NEWS
By Laurie Willis and Laurie Willis,SUN STAFF | July 21, 2003
Rep. Elijah E. Cummings is proposing a bill called the Dawson Family Community Protection Act that would provide up to $1 million annually to Baltimore and other cities that are battling severe drug problems and violent crime. Cummings will hold a hearing on the proposed bill today at the University of Maryland School of Nursing. Named after Angela and Carnell Dawson and their five children, who died from injuries sustained in an arson fire at their East Preston Street home in October, the bill could come up on the House floor as early as this week.
NEWS
December 27, 2009
A woman with a modest rowhouse and a clear view of the drug activity that endangered and cheapened the streets of her Oliver neighborhood thought that if she reported it to the police, if she did something, it would help. Deep in the night on Oct. 15, 2002, a young man with a long criminal record retaliated by pouring gasoline on her house and lighting a fire that killed Angela Dawson, along with her husband and five children. The tragedy saddened the city deeply, but frustrated it more.
NEWS
By JEAN MARBELLA | December 19, 2006
With the ceremonial ribbon just cut and its rooms mostly empty but for the scent of new paint, the Dawson Family Safe Haven Center hasn't yet become whatever it is destined to become. And yet, on its corner of Preston and Eden in East Baltimore, one thing is clear. This is hallowed ground. This is, as Mayor Martin O'Malley repeated several times yesterday, "a holy place." In a neighborhood with numerous boarded-up rowhouses and a police camera blinking a harsh blue eye, 1401 E. Preston St. is not an obvious Gettysburg, or a Ground Zero.
NEWS
By C. Fraser Smith | July 18, 2004
ANGUISHED ORATORY at the Cathedral of Mary Our Queen recently was meant to comfort the children of slain Baltimore police Officer Brian D. Winder. He was a man who believed that family and kids were just about all that matter. He wanted to defend the people he grew up with. He had a wry sense of humor. He loved to dance. Some day, his children will read the eulogies and be proud. But on the day of his funeral, 7-year-old Brandon Winder spoke for the city as his father's flag-draped casket was lifted into the brilliant sunlight outside the church.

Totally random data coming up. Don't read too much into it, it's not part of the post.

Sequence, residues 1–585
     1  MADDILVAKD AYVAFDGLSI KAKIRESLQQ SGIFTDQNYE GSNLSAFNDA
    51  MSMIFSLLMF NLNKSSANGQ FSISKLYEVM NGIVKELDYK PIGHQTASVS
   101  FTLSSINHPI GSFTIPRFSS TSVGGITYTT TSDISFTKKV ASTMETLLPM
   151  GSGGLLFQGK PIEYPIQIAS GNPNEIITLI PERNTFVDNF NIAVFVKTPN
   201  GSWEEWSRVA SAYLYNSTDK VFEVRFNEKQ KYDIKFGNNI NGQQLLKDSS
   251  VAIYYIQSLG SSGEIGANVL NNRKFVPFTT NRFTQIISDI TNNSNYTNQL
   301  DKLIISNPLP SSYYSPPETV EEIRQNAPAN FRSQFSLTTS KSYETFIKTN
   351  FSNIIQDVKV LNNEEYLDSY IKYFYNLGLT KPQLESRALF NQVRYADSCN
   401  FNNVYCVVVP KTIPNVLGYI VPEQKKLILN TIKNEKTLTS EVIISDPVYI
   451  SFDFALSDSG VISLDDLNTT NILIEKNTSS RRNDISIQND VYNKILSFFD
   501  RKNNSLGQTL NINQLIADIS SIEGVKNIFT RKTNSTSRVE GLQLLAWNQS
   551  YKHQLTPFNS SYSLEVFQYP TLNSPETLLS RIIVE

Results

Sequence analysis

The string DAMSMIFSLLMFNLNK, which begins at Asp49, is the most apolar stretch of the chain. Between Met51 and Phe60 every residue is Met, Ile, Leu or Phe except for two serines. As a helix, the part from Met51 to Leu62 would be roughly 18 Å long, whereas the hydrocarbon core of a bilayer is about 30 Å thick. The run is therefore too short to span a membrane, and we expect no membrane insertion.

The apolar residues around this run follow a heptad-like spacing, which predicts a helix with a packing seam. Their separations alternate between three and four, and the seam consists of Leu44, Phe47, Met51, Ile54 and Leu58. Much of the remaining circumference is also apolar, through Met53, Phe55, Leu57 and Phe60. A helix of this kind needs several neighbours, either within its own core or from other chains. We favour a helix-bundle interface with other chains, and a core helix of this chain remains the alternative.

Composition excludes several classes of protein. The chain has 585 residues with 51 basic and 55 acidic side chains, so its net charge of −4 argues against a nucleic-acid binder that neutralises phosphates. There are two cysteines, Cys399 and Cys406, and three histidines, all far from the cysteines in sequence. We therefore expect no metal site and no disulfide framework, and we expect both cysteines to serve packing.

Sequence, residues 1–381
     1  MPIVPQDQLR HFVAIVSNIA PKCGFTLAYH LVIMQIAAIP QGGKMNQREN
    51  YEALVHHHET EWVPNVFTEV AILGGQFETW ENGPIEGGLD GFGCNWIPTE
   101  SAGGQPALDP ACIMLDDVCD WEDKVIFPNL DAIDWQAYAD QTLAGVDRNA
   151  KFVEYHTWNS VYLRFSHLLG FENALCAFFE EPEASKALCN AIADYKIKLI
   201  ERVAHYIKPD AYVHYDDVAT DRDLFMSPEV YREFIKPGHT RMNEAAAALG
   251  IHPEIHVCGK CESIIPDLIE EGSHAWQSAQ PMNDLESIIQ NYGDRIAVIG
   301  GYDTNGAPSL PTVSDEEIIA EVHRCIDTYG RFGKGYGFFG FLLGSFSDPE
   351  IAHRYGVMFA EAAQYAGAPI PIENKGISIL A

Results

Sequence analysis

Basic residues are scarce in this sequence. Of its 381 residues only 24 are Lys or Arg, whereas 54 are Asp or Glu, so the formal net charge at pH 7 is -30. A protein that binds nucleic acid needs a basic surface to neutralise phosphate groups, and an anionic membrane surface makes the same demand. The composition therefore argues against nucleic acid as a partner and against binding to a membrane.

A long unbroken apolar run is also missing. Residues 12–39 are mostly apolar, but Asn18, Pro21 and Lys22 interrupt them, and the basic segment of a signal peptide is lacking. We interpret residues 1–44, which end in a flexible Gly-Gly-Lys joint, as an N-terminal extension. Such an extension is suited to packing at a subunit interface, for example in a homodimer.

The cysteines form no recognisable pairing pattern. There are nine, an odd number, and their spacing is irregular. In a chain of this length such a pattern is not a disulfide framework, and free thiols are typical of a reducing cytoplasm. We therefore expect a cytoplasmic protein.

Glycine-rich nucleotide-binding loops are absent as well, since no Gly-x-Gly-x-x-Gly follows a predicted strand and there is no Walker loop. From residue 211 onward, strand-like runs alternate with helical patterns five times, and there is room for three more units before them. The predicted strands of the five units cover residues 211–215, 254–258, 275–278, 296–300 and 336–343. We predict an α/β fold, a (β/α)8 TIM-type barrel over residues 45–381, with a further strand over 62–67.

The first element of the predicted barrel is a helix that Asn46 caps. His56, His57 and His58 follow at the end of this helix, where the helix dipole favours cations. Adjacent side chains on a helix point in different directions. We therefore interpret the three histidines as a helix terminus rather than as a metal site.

NEWS
By From staff reports | June 12, 2004
In Baltimore City Man, 36, sentenced for killing of teen A Baltimore County man was sentenced to 25 years in prison yesterday after pleading guilty to killing a 16-year-old boy last year in West Baltimore, according to the state's attorney's office. James Keith Ford, 36, of the 3900 block of Rolling Road pleaded guilty to second-degree murder and a handgun violation in Baltimore City Circuit Court. Judge John M. Glynn sentenced Ford to 25 years for the murder conviction and to 20 years -- to be served concurrently -- for the gun charge.
NEWS
By Gail Gibson and Laurie Willis and Gail Gibson and Laurie Willis,SUN STAFF | August 28, 2003
A small-time East Baltimore drug dealer admitted burning the home of a neighbor he believed was "snitching on people" and just before being sentenced to life in prison yesterday tearfully told relatives of the seven victims that he had wished for his own death as punishment. Relatives of Carnell and Angela Dawson and their five children, who were killed in the blaze at their East Preston Street rowhouse in October, sobbed as Darrell L. Brooks, 22, faced them in a crowded federal courtroom and shakily apologized for the crime, which outraged the city and drew national attention to Baltimore's struggle against deadly violence.
NEWS
By Laurie Willis and Laurie Willis,SUN STAFF | July 21, 2003
Rep. Elijah E. Cummings is proposing a bill called the Dawson Family Community Protection Act that would provide up to $1 million annually to Baltimore and other cities that are battling severe drug problems and violent crime. Cummings will hold a hearing on the proposed bill today at the University of Maryland School of Nursing. Named after Angela and Carnell Dawson and their five children, who died from injuries sustained in an arson fire at their East Preston Street home in October, the bill could come up on the House floor as early as this week.
NEWS
By JEAN MARBELLA | December 19, 2006
With the ceremonial ribbon just cut and its rooms mostly empty but for the scent of new paint, the Dawson Family Safe Haven Center hasn't yet become whatever it is destined to become. And yet, on its corner of Preston and Eden in East Baltimore, one thing is clear. This is hallowed ground. This is, as Mayor Martin O'Malley repeated several times yesterday, "a holy place." In a neighborhood with numerous boarded-up rowhouses and a police camera blinking a harsh blue eye, 1401 E. Preston St. is not an obvious Gettysburg, or a Ground Zero.
NEWS
By Allison Klein and Allison Klein,SUN STAFF | March 11, 2003
The former witness protection officer for the Baltimore state's attorney's office contended yesterday that the office failed to do all it could to protect the Dawsons, the family of seven who police said were killed in a retaliatory arson last year in East Baltimore. State's Attorney Patricia C. Jessamy called the allegations untrue, saying the Dawsons declined to be relocated by her office -- an offer made after an earlier attempt on the family's lives. The Dawsons were killed in an October house fire that police believe was set because the family complained to authorities about drug dealing in their Oliver neighborhood.